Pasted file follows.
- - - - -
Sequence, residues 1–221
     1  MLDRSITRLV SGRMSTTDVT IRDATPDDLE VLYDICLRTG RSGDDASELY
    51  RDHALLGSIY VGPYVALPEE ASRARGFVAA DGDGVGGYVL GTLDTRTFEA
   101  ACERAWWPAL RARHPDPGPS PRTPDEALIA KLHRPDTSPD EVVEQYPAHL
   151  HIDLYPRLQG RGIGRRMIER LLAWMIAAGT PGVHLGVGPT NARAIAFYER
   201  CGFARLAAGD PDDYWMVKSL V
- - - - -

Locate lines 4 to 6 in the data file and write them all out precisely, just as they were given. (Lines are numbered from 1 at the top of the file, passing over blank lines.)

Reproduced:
   101  ACERAWWPAL RARHPDPGPS PRTPDEALIA KLHRPDTSPD EVVEQYPAHL
   151  HIDLYPRLQG RGIGRRMIER LLAWMIAAGT PGVHLGVGPT NARAIAFYER
   201  CGFARLAAGD PDDYWMVKSL V